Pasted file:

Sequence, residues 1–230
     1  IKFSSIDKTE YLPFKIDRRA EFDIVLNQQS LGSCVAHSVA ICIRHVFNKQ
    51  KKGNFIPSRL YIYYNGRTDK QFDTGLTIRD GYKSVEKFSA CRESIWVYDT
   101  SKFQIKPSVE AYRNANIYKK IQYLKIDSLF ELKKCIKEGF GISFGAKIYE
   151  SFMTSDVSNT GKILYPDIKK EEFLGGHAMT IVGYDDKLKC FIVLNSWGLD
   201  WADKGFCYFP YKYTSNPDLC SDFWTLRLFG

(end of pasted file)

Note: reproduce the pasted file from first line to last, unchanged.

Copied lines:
Sequence, residues 1–230
     1  IKFSSIDKTE YLPFKIDRRA EFDIVLNQQS LGSCVAHSVA ICIRHVFNKQ
    51  KKGNFIPSRL YIYYNGRTDK QFDTGLTIRD GYKSVEKFSA CRESIWVYDT
   101  SKFQIKPSVE AYRNANIYKK IQYLKIDSLF ELKKCIKEGF GISFGAKIYE
   151  SFMTSDVSNT GKILYPDIKK EEFLGGHAMT IVGYDDKLKC FIVLNSWGLD
   201  WADKGFCYFP YKYTSNPDLC SDFWTLRLFG